Millennium Post
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BoE unveils GBP 50 bn stimulus

Continuing efforts to prop up their sagging economies, European and Chinese central banks slashed interest rates while the Bank of England [BoE] unveiled fresh stimulus measures worth 50 billion pounds.

The latest moves come at a time when both the developed and the developing world – including India and China – are facing sluggish growth prospects and high unemployment levels.

Seen as a surprise, the People’s Bank of China cut rates for the second time within a month, amid the economy witnessing one of the worst slowdowns in the recent years.

The European Central Bank [ECB] too eased their monetary stance, as part of efforts to boost the fortunes of the region reeling under a severe debt turmoil.

Embarking on the stimulus path again, the Bank of England has come up with another round of steps that would pump in another 50 billion pounds into the system.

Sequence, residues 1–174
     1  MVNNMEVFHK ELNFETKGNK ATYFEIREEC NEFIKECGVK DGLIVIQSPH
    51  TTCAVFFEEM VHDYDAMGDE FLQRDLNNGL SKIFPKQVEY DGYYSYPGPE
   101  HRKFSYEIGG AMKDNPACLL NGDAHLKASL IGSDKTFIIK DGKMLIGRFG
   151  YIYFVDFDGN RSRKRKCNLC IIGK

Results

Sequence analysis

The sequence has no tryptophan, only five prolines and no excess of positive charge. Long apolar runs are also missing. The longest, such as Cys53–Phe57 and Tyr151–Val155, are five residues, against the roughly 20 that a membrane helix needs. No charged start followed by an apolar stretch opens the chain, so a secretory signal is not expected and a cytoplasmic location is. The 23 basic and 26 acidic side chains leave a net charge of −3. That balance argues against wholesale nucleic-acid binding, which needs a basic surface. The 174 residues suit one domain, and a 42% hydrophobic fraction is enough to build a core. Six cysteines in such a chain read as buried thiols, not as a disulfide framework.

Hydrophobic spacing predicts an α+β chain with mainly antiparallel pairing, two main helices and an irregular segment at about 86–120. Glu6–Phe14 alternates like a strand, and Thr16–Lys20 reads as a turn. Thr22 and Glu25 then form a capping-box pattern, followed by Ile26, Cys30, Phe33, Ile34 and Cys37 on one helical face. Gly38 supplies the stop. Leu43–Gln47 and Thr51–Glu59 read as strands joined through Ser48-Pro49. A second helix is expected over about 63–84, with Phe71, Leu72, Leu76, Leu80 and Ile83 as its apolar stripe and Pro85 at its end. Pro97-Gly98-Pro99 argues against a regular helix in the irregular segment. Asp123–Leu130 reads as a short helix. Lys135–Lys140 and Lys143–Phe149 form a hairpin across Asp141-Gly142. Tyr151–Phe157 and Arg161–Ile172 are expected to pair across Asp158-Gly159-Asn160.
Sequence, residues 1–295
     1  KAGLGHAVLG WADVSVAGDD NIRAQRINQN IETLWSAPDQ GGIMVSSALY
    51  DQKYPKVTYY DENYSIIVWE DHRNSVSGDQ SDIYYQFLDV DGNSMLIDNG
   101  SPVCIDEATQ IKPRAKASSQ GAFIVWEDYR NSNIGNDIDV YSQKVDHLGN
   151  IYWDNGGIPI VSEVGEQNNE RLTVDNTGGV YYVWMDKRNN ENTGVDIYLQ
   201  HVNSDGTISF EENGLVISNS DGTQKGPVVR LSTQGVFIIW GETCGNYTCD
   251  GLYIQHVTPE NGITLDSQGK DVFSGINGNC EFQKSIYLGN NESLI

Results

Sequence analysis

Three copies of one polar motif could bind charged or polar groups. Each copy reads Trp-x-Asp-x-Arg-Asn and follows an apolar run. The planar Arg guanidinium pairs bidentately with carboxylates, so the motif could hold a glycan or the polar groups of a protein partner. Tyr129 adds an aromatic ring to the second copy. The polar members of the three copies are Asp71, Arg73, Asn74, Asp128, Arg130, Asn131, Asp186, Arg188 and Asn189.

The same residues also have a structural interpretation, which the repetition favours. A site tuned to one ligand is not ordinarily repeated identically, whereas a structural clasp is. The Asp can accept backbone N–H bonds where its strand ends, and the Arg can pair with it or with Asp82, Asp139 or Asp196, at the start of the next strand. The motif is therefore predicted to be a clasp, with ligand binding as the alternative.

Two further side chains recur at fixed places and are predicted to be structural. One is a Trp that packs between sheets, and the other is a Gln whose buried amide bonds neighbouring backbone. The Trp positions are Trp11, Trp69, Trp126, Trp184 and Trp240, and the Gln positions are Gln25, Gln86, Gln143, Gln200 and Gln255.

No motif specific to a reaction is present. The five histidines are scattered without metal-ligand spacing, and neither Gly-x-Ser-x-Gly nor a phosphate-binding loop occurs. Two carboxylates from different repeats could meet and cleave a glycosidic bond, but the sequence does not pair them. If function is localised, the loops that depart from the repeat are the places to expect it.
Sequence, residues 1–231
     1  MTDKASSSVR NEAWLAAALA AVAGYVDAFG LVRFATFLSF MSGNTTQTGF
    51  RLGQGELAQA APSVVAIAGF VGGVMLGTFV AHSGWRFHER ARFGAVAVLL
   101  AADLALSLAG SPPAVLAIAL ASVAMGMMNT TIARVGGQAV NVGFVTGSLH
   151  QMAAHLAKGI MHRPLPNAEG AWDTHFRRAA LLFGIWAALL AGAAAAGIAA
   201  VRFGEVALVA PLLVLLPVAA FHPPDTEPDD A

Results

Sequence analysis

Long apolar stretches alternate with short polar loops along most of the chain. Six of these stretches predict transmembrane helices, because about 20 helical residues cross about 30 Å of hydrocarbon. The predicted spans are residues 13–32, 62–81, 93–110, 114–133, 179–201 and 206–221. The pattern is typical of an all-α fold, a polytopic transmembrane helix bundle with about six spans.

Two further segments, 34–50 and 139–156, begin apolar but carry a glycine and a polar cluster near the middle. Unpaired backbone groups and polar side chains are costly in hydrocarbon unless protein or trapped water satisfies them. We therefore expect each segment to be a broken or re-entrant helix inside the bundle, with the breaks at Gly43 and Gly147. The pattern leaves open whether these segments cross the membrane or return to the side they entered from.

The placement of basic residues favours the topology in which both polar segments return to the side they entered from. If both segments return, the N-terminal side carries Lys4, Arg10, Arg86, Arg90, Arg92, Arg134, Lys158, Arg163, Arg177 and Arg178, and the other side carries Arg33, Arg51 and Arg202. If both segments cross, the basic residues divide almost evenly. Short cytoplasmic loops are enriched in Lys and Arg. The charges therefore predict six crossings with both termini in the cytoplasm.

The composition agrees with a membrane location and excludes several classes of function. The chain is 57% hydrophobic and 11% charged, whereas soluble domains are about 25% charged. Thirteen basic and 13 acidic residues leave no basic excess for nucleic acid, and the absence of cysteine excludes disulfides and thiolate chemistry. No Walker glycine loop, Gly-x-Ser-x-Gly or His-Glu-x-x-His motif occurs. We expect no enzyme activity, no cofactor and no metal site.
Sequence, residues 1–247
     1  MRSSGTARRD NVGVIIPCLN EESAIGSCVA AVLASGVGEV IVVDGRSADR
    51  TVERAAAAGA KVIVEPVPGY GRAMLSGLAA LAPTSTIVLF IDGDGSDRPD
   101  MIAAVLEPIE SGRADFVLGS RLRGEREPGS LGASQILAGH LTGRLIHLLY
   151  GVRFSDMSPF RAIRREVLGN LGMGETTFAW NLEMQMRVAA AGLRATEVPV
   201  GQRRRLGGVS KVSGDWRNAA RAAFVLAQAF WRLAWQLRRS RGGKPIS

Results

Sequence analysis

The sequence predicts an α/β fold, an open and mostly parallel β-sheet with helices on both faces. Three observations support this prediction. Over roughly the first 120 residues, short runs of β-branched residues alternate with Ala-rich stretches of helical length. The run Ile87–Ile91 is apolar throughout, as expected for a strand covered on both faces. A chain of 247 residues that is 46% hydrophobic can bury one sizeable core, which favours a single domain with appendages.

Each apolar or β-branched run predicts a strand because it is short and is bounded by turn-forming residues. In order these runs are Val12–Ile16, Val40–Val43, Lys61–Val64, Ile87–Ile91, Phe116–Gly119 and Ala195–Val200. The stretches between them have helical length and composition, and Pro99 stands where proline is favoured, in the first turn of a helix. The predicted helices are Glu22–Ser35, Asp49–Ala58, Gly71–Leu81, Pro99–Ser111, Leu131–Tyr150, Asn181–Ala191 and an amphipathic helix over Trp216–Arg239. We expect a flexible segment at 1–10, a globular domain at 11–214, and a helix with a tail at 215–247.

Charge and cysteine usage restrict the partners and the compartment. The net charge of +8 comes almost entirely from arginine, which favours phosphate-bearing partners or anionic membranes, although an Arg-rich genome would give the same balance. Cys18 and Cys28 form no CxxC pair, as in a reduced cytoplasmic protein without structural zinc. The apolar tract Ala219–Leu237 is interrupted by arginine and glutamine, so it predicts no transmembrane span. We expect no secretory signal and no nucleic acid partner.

The Chinese apex bank has slashed key lending rates to 6 per cent from 6.31 per cent. The deposit rate too has been cut to 3 per cent from 3.25 per cent.

Unlike India, China in recent weeks has been providing incentives to bolster their economic growth.

Despite high expectations, the Reserve Bank of India last month decided to hold rates, citing that monetary easing could further exacerbate inflationary pressure.

The European Central Bank has cut the benchmark interest rate to record low of 0.75 per cent from 1 per cent. Further, ECB has reduced the interest rate on marginal lending facility to 1.50 per cent from 1.75 per cent.

‘The interest rate on the deposit facility will be decreased by 25 basis points to 0 per cent,’ it said.

The Bank of England on Thursday increased the size of its asset purchase programme, that would see another 50 billion pounds coming into the system. With this, the total size of asset purchase programme has ballooned to 375 billion pounds.

The Bank of England’s Monetary Policy Committee has decided to keep the official rate paid on commercial bank reserves at 0.5 per cent.

‘UK output has barely grown for a year and a half and is estimated to have fallen in both of the past two quarters... business indicators point to a continuation of that weakness in the near term, both at home and abroad,’ BoE said in a statement.

According to the BoE, concerns remain about the indebtedness and competitiveness of several euro-area economies and that was weighing on confidence in the UK.
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